Option 2: Rollback to SQL Server 2016 Service Pack 1
Obviously, you could have complex SSIS packages with several Analysis Services Processing Task steps that attempting to convert them to XMLA scripts could take days and further delay your project go-live. Thus, in such a scenario you are better off simply rolling back to Service Pack 1. If your SQL Server 2016 instance is hosted on a VM like in my demo instance, then you could just rollback your virtual machine to a previous snapshot containing Service Pack 1. However, if your instance is not sitting on a virtual machine or you don’t have snapshots, you could implement a rollback by uninstalling Service Pack 2 as shown in Figure 10.
Option 3: Assembly binding redirect
The final option involves manually changing the machine configuration file – although this option works, it is my least favorite because it can easily lead to mistakes that can affect the entire server. Nevertheless, the machine configuration file is likely to be familiar to web developers than BI developers but it essentially contains server-wide configurations that often overrides configuration of web.config file. Thus, one way of dealing with the missing Microsoft.AnalysisServices.AdomdClientUI.dll assembly error would be to install either version 12 or 14 of Microsoft.AnalysisServices.AdomdClientUI.dll and then adjust the machine configuration file to look at version 12 or 14 whenever Integration Services Catalog is looking for version 13 of Microsoft.AnalysisServices.AdomdClientUI.dll assembly file.
You can easily find version 12 and 14 of Microsoft.AnalysisServices.AdomdClientUI.dll by simply doing a file search on your root drive as shown in Figure 11.
Once you have located the version of Microsoft.AnalysisServices.AdomdClientUI.dll assembly file you want to install, you can then add it into the global assembly cache using the GACUTIL.exe. In my case, I have decided to install version 12 of the Microsoft.AnalysisServices.AdomdClientUI.dll assembly file using the command:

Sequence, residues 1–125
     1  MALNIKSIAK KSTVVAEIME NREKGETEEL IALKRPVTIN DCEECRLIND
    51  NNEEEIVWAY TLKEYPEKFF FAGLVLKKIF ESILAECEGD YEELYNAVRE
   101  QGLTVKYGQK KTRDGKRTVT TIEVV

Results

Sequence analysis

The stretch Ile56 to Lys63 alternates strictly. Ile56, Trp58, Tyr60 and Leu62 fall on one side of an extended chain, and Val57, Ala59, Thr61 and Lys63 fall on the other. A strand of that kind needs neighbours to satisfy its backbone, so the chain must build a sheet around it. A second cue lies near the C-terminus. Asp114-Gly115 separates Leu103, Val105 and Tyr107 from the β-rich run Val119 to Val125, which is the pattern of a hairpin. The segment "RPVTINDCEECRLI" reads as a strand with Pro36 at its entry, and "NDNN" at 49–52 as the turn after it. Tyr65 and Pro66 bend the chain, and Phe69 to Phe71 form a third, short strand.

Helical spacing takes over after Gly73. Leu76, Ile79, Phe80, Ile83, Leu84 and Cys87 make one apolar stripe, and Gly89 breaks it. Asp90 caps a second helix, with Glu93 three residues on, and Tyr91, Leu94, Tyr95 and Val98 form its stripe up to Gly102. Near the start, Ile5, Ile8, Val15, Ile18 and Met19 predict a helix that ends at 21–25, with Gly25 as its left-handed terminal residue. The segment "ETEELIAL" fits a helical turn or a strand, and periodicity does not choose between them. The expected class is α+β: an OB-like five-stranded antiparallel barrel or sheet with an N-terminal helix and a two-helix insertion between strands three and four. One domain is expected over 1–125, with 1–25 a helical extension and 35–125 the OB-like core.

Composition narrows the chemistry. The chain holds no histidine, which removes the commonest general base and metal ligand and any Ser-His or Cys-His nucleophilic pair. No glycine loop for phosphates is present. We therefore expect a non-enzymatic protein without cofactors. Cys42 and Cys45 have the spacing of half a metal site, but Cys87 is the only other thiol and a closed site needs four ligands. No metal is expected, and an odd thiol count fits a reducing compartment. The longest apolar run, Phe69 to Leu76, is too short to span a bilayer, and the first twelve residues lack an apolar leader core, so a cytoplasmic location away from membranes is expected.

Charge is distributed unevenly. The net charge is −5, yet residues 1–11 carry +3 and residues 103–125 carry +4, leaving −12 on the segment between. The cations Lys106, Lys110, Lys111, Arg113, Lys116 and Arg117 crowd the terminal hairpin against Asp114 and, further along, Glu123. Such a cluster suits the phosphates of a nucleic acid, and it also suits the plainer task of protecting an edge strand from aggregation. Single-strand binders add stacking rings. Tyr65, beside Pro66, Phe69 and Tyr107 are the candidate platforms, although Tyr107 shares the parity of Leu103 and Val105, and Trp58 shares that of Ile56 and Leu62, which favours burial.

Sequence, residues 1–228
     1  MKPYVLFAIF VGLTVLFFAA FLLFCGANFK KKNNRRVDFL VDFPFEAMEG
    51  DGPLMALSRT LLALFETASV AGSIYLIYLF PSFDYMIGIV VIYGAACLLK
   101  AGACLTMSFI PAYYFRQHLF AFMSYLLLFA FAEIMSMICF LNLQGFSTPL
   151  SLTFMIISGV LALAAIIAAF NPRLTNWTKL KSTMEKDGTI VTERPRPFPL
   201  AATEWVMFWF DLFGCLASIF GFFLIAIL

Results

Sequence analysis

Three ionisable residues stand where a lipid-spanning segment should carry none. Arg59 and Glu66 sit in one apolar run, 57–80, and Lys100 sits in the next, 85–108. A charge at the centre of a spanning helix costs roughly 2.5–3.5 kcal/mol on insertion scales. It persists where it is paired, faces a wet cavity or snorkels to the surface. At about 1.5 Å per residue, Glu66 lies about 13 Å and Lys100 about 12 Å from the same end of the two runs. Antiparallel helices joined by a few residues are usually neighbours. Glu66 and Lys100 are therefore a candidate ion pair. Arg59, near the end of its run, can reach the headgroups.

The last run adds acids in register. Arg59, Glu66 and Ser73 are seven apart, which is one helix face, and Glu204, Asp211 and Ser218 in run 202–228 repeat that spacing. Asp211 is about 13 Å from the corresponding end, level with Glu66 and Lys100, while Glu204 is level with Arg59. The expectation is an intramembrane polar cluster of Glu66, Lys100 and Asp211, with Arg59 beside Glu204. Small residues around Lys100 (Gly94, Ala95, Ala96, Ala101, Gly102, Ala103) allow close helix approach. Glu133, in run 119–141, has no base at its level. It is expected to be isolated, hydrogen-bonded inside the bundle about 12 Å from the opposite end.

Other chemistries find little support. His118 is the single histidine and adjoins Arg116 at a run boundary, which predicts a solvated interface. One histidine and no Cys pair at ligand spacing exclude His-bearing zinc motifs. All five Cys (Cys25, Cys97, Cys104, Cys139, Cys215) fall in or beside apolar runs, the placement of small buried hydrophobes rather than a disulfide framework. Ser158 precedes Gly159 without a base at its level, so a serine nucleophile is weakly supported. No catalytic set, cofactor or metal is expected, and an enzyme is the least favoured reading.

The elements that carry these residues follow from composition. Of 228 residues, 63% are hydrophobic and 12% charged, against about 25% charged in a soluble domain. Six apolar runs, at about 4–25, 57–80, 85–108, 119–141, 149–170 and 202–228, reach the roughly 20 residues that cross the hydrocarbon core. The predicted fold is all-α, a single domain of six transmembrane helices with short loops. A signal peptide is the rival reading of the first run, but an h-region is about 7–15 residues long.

C:\Program Files (x86)\Microsoft SDKs\Windows\v8.1A\bin\NETFX 4.5.1 Tools>gacutil /i “C:\Program Files (x86)\Microsoft Visual Studio 12.0\Common7\IDE\PrivateAssemblies\Microsoft.AnalysisServices.AdomdClientUI.dll”
As it can be seen in Figure 12, the assembly was successfully loaded.
Thereafter, I get the metadata of the assembly I’ve just installed using the lr option of GACUTIL. Take special note of the publicKeyToken value as we will need it when editing the machine configuration file.
Finally, I switch over to the machine configuration (machine.config) file which in my VM is located under C:\Windows\Microsoft.NET\Framework64\v4.0.30319\Config. I then make a copy of the machine.config file and edit the original configuration file by replacing <runtime/> element with the following:123456789<runtime><assemblyBinding xmlns="urn:schemas-microsoft-com:asm.v1"><dependentAssembly><assemblyIdentity name="Microsoft.AnalysisServices.AdomdClientUI" publicKeyToken="89845dcd8080cc91"culture="neutral"/><bindingRedirect oldVersion="126.96.36.199" newVersion="188.8.131.52" /></dependentAssembly></assemblyBinding></runtime>
Following the restarting of all my SQL Server services, I received a successful message when I next ran my SSIS package as shown in Figure 14.
Option 4: Apply cumulative update for Service Pack 2
At the time of writing this article, a cumulative update (CU) was released that fixes, amongst other things, the missing Microsoft.AnalysisServices.AdomdClientUI.dll assembly file error. The CU can be downloaded from this link.
- Schedule SSAS Administrative Tasks with SQL Server Agent
- Rollback procedure for SQL Server updates
- Create an Analysis Services Job Step